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Old August 13th, 2006, 11:27 AM   #1
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Laptop suggestions

I do quite a few dance recitals and seminars. I have access to a power source and I'm stationary, making it an ideal situation. I could also use it for interviews with DVrack. I've heard so many bad things about quickstream/firestore would direct capture to a laptop be more dependable? I'm thinking about getting something for $300-400 off of ebay with 40gb hd, p4 cpu, 512 ram . Any suggestions or postive/negative experiences capturing directly to a laptop?

Last edited by Pete Cofrancesco; August 13th, 2006 at 06:45 PM.
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Old August 18th, 2006, 06:26 AM   #2
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For $300-$400 you should be able to get a laptop that will do a very good job with video capture. You will probably need to purchase a firewire card, and I'd look at buying a newer hard drive. The laptop manufacturers are not known for putting the fastest drives in the computers. You'd probably end up with a 4200 rpm drive with 2mb cache, especially in an older laptop. While this is fast enough for video cature, it doesn't have a big margin of safety. I personally have a 5400 rpm, 60GB drive with 16MB cache and it appears to handle standard def capture very easily, only blinking the hard drive light every 5 seconds or so. A new hard drive will cost you about $75-$100, but you can lower your sites a little on ebay.

Laptops more than 3-4 years old will have batteries that are pretty well shot, so keep that in mind. In your case, since power is available it won't be a problem. The nice thing is even an old battery will still serve as a redundant power supply in case somebody trips over your power cord.

If you plan on dedicating the laptop to video, I'd suggest that you setup a separate partition on the hard drive just for the video. This will keep the large video files from getting mixed in with the operating system. This is important as the OS files have a bad tendency to get fragmented. Fragmentation causes the hard drive to slow down significantly, and can lead to dropped frames if the problem is bad enough. I originally used a setup without a separate video partition and every time I reached about 19GB free, the drive would start churning and I could loose frames (but this was before my 60GB HD upgrade as well).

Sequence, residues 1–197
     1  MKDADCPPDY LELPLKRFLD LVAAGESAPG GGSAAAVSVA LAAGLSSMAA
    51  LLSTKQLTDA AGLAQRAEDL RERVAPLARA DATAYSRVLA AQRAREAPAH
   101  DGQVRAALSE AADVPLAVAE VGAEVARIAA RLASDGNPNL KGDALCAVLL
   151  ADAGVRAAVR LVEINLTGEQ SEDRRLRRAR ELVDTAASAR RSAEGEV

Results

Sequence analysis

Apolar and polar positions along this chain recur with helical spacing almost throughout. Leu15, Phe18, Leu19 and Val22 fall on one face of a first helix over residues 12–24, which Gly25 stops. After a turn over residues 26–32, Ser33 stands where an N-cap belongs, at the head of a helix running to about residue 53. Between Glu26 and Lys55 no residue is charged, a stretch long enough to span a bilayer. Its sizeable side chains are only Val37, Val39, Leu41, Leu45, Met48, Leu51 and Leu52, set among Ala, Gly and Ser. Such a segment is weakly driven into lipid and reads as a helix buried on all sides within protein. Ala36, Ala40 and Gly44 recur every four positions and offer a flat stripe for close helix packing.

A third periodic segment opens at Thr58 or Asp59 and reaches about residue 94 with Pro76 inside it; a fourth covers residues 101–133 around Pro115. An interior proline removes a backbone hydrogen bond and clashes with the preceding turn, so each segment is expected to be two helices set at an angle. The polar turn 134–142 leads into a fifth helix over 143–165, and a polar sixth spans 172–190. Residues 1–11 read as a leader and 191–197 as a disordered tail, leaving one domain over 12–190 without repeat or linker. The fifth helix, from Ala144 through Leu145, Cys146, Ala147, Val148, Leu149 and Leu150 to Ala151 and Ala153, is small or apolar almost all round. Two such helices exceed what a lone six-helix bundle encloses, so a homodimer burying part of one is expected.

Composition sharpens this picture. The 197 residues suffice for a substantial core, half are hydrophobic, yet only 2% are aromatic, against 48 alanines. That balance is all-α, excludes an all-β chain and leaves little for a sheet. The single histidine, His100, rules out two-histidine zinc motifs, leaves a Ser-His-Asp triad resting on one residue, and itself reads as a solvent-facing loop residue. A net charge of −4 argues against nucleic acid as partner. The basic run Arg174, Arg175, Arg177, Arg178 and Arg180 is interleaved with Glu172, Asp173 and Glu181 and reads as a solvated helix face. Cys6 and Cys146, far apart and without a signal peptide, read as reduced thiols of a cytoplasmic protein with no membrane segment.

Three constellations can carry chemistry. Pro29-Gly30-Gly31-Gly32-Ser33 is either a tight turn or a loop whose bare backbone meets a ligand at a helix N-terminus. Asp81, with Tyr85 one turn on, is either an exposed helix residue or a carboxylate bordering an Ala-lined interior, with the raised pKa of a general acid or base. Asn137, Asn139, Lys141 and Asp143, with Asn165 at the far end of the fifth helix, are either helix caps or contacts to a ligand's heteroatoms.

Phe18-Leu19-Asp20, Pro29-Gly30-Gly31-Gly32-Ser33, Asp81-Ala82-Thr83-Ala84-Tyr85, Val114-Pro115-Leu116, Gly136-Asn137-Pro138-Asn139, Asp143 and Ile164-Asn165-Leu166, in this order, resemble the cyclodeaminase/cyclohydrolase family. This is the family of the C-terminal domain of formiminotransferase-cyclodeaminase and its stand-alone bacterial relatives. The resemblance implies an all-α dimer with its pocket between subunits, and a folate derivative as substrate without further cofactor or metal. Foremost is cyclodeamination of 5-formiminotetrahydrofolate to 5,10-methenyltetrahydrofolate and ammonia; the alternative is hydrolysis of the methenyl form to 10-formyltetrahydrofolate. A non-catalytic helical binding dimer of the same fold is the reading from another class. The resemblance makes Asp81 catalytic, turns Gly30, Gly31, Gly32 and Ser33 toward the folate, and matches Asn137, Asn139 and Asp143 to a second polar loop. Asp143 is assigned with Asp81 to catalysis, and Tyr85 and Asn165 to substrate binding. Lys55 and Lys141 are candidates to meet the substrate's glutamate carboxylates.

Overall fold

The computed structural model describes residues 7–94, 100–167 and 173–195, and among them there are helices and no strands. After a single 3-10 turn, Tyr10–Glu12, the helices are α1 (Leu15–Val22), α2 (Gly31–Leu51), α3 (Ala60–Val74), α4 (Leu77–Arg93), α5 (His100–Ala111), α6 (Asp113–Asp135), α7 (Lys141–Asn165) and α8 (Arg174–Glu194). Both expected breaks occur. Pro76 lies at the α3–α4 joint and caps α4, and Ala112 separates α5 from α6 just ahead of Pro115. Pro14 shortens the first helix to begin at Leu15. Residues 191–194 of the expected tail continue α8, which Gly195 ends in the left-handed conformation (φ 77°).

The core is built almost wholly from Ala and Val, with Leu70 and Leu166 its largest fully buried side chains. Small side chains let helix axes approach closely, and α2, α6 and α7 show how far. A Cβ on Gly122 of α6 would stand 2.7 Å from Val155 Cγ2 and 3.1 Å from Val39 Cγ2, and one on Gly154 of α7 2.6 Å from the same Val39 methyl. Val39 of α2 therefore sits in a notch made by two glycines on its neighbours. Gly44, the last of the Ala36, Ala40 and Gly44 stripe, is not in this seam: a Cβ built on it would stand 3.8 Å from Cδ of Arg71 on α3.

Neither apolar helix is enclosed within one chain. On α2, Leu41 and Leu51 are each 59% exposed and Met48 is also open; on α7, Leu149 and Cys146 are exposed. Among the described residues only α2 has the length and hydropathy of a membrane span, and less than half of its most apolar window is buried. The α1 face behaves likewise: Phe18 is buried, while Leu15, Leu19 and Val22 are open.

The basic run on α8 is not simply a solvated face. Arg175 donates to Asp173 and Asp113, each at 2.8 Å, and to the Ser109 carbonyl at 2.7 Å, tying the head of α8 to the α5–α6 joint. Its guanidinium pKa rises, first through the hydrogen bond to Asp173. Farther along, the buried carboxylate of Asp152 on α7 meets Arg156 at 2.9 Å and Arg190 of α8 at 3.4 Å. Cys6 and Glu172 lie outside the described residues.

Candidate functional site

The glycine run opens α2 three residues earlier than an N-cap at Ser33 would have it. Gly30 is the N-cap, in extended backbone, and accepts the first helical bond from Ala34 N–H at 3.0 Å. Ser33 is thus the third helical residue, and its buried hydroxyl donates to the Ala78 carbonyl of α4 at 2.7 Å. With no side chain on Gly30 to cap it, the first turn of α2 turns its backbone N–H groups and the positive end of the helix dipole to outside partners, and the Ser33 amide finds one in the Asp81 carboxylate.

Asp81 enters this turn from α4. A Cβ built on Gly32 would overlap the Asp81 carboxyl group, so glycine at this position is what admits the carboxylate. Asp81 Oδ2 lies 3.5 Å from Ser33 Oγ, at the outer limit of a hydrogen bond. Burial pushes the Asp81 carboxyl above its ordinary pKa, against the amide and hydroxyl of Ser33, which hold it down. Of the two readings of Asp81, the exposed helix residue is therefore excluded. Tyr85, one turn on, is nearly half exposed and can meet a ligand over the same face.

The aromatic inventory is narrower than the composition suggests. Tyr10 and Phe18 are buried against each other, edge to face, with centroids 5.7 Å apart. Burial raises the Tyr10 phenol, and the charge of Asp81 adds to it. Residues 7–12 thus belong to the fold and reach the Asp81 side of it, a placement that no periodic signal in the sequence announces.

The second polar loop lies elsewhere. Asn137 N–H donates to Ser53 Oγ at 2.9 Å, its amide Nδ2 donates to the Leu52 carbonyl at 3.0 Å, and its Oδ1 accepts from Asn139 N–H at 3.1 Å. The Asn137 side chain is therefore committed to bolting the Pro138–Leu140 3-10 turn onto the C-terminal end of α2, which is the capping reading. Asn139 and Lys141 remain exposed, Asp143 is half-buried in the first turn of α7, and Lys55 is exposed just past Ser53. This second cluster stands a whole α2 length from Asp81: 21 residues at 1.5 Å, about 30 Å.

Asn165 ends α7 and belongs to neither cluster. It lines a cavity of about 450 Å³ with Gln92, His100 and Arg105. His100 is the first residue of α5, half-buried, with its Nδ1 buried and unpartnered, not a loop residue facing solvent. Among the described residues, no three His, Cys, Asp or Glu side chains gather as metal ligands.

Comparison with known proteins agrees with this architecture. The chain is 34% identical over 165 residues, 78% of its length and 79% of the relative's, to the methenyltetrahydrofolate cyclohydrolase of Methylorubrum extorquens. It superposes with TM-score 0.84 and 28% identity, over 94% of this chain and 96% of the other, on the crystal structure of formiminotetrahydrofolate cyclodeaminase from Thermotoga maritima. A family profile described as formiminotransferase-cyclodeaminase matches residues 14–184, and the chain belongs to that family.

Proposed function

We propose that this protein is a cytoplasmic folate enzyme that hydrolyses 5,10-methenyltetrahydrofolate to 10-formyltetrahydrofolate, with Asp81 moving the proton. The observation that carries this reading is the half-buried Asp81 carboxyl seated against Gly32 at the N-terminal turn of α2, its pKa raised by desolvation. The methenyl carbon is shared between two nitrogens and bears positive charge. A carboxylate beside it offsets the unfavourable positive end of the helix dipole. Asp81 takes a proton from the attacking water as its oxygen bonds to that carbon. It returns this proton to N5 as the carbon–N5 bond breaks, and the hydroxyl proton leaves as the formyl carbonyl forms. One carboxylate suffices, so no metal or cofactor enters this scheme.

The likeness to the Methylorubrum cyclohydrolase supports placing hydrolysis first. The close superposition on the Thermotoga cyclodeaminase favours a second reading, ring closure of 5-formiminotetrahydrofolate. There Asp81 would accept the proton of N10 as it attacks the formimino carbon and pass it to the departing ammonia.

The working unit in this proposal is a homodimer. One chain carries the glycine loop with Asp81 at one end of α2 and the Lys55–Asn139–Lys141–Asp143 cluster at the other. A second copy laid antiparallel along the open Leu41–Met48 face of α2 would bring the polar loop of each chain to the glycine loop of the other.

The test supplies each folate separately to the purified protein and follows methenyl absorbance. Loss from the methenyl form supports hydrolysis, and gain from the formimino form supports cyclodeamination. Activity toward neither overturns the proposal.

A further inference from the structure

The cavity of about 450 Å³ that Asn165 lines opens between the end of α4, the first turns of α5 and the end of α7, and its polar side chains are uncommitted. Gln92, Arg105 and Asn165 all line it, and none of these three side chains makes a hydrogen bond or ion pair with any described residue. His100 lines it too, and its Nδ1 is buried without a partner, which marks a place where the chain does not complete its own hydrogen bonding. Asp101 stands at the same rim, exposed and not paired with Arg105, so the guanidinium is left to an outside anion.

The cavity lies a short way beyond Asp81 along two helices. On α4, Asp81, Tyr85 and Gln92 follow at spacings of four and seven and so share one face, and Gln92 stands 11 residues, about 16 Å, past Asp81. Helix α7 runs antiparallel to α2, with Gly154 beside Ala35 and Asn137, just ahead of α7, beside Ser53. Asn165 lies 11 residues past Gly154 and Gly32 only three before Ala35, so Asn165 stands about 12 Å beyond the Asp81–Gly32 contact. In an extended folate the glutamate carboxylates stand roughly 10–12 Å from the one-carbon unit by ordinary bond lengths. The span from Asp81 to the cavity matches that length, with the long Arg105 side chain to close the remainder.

Lastly I'll reiterate what everyone else here says: "If the footage is important, or you need to keep it long term, run tape alongside DTD". I'm guilty of not doing this, but the type of filming I do ruined the heads in my camera (HS football - film 20 seconds, pause 30 seconds, repeat for 2 hours). In my case, DTD is by far the best way to go.

Hope this helps

Dave
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Old September 2nd, 2006, 11:28 PM   #3
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yeah after trying to get a 'deal' on ebay I'm thinking a new bottom line dell would be a better solutioin. for just like an extra $100-200, you get new, warranty, latest technology.
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Old September 4th, 2006, 08:06 PM   #4
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Any DTT devices that use SATA 2.5" hardrives?

Any DTT devices that use SATA 2.5" hardrives?

It seems like most of the ones I've read about use old ATA drives.

I'd like to protect myself from buying old technology. I'm sure SATA hard drives will reach 200gb capacities in the next year and the older ATA harddrives capaicty/performance will be abandonded. I'd hate to buy an ATA IDE unit only to find out a year latter the capaicty can't be increased and my hopes of shooting HDV will be lost.

Ideally I'd like to just pop out the hard drive and put it in my computers case for direct editing without hooking up firewire cables.

Peace, Rolland
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Old September 4th, 2006, 09:52 PM   #5
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There are now external hard drive enclosures that use 2.5" SATA drives. However, the ones I've seen do not have firewire interfaces, but they do offer e-SATA interfaces. External SATA (e-SATA) is the same speed as internal SATA so there would be no performance penalty like there is with firewire and USB. DTD setups that take external USB drives could, in theory anyway, use the newer SATA drive enclosures.
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